Puerto Rican Crested Toad Species Survival Plan

To breed and reintroduce Puerto Rican crested toads into their former range in Puerto Rico

 

The Puerto Rican crested toad, Bufo (Peltophryne) lemur, was formerly common on Puerto Rico and Virgin Gorda. The major causes for the toad decline include the introduction of species such as the marine toad, mongoose and rats, as well as habitat loss. The species is listed as Threatened by the United States Fish and Wildlife Service (USFWS). In 2004, the International Union for the Conservation of Nature and Natural Resources (IUCN) classified the Puerto Rican crested toad as Critically Endangered because

 

  • of a population decline in the past ten years estimated to be over 80% as recorded from direct observation;
  • its extent of occurrence is less than 100 km²;
  • its area of occupancy is less than 10 km²;
  • its population size is estimated to be less than 250 mature individuals;
  • there is continuing decline in the number of mature individuals; and
  • all individuals are in a single subpopulation.

 

The crested toad is the only toad native to Puerto Rico and it occurs in semi-arid to arid habitats where it lives in karst limestone formations. The toad population once existed as two distinct populations; one in the north and the other in the south. Significant differences in the mitochondrial DNA suggests that the two populations have been separated for over 1 million years. Unfortunately, the northern toads have not been seen in the wild since 1988 and are considered extinct. The only known wild population is the southern form, which occurs in Guanica National Forest.

 

A Species Survival Plan (SSP) for the Puerto Rican crested toad was developed by the American Zoo and Aquarium Association (AZA) in 1984. A major component of the program is reintroduction. Approximately 1,300 toadlets were released in Cambalache National Forest, in northern Puerto Rico, between 1982 and 1985. Between 1987 and 2005 more than 90,000 southern tadpoles were released in Guanica National Forest. Over the last 18 years tadpoles have been released rather than toadlets because it is believed that the tadpoles imprint on their natal pond habitat. Breeding is coordinated between 20+ zoos to occur within the same time period. Tadpoles are then collectively shipped to Puerto Rico for release. The release site at Guanica is a man-made pond that is geographically isolated from the wild population. For the first time since the reintroduction efforts began, ex situ bred tadpoles returned as adults in 2003 and 2005 to lay eggs. SSP members have helped construct several small ponds as new release sites. In addition, two large ponds (4,000 and 10,000 square feet) were constructed in historical toad habitat. These large wetlands will hopefully house satellite populations of toads in the future.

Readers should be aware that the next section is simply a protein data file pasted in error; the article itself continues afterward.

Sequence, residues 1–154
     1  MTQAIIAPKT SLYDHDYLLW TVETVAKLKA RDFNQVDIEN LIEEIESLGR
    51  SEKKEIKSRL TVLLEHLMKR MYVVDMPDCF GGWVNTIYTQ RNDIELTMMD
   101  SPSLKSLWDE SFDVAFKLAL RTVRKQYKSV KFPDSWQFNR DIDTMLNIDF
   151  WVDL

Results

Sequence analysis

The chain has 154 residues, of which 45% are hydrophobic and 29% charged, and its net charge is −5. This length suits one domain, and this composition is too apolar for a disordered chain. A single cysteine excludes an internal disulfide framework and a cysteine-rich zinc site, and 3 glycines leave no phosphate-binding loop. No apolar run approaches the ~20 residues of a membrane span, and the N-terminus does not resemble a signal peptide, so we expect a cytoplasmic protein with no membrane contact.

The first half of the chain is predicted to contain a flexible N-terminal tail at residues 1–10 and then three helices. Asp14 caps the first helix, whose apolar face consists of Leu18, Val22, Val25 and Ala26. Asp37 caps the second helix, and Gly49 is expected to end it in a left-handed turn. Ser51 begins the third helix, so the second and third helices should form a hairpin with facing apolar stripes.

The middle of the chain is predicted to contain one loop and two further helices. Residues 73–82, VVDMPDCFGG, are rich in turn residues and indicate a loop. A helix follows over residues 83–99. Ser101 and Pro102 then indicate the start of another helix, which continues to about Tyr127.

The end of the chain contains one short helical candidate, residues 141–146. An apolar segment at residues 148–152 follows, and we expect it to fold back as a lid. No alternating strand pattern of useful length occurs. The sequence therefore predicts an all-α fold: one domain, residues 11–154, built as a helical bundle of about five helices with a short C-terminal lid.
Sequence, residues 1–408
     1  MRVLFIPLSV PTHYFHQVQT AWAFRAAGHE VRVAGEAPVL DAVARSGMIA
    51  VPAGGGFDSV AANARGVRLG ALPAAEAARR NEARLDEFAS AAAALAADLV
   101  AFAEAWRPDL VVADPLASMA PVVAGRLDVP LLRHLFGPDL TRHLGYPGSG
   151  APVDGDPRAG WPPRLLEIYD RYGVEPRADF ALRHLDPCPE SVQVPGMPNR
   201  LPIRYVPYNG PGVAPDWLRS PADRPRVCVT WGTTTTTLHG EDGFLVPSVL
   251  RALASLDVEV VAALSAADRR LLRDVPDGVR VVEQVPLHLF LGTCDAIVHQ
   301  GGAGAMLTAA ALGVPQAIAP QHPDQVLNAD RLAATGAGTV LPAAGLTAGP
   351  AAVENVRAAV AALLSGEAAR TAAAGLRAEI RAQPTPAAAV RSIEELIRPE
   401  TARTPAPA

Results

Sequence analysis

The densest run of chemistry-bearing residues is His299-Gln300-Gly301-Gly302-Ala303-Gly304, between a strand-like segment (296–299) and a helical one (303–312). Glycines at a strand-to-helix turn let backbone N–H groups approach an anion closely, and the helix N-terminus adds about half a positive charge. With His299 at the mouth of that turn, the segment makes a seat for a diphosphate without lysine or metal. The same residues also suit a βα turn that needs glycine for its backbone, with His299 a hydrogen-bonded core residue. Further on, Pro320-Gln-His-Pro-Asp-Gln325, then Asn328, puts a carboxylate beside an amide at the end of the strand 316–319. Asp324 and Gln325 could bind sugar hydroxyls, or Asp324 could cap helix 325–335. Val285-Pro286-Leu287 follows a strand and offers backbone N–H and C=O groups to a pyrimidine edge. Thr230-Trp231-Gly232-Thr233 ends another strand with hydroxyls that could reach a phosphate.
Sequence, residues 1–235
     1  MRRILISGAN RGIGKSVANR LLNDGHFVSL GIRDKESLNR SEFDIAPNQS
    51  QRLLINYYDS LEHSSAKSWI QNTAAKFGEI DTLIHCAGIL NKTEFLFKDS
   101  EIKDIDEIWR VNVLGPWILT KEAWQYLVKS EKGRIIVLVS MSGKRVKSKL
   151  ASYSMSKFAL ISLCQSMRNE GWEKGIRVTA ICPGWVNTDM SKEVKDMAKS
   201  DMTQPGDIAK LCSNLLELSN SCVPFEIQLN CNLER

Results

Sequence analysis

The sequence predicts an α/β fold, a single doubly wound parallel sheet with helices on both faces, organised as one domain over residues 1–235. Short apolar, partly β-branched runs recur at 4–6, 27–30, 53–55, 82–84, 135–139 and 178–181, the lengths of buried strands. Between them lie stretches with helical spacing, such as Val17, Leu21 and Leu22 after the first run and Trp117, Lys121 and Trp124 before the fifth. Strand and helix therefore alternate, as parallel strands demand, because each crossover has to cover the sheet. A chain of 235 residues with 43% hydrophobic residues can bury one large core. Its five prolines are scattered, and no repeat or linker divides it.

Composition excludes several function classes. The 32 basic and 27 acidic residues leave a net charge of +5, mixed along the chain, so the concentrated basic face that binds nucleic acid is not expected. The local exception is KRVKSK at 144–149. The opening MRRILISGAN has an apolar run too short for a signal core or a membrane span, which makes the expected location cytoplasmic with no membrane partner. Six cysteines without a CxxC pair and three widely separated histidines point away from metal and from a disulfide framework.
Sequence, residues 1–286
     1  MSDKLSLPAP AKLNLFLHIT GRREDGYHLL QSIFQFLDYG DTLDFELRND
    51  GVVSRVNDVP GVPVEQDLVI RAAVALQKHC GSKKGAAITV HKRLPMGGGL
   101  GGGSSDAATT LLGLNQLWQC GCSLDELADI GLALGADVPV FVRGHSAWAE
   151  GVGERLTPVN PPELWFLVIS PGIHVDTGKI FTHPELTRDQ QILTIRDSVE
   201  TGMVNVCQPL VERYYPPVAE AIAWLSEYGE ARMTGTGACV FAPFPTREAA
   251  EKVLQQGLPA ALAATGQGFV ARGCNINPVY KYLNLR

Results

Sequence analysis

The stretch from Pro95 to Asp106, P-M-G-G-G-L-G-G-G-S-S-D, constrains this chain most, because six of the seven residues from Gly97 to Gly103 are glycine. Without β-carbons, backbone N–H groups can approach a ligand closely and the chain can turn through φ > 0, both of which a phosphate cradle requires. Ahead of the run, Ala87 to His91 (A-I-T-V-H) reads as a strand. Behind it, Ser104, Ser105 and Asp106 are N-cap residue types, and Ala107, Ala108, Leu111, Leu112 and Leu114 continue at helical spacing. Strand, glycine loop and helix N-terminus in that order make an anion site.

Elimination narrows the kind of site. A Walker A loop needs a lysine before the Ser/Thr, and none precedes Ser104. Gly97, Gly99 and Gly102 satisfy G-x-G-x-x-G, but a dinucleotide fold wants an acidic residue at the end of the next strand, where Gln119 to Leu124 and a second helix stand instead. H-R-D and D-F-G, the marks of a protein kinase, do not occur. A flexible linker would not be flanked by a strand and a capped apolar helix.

In addition to the reintroduction efforts, a high priority for the SSP has been the establishment of island-wide public education and outreach programs. A diversity of educational materials have been produced and distributed in Puerto Rico including: posters, bumper stickers, decals, activity books, life-size models of the toad, natural history booklets, and interpretive signs for the pond at Guanica National Forest. The Juan Rivero Zoo and Guanica National Forest now use a large costume character of the crested toad in outreach education programs. An exhibit, featuring zoo-raised toads, was constructed at the Juan Rivero Zoo in an effort to reach a larger audience. Biologists from the Juan Rivero Zoo were hosted by several AZA institutions for husbandry training prior to receiving toads. Additional capacity building activities by the SSP have included helping to remodel and produce new interpretives for the Juan Rivero Zoo Serpentarium and the organization/implementation of husbandry and nutrition workshops for Juan Rivero Zoo staff.


WAZA Conservation Project 06002 is implemented by The Audubon Zoo, Maryland Zoo in Baltimore, Buffalo Zoological Gardens, Central Florida Zoological Park, Central Park Zoo, Chester Zoo , Cincinnati Zoo and Botanical Garden, Cleveland Metroparks Zoo, Columbus Zoo , Dallas Zoo, Detroit Zoo, Disney's Animal Kingdom, Fort Worth Zoo, Granby Zoo, Juan Rivero Zoo, Louisville Zoological Gardens, Lowry Park Zoo, Miami MetroZoo, Milwaukee County Zoological Gardens, North Carolina Zoo, Oklahoma City Zoo, Omaha's Henry Doorly Zoo, Saint Louis Zoo, Santa Barbara Zoological Gardens, Sedgwick County Zoo, Toledo Zoo, Toronto Zoo and The Vancouver Aquarium Marine Science Center, in cooperation with Puerto Rican Department of Natural Resources, The United States Fish and Wildlife Service, University of Puerto Rico, Ciudadanos del Karso, and Inciativa Herpetologica, Inc. The SSP is supported by the American Zoo and Aquarium Association (AZA).

 

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